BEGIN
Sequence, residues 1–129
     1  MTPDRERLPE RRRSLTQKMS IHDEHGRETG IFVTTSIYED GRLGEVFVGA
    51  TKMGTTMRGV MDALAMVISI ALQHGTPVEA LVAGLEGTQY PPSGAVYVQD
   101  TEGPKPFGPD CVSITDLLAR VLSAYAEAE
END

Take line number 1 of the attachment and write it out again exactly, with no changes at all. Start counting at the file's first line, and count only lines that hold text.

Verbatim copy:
Sequence, residues 1–129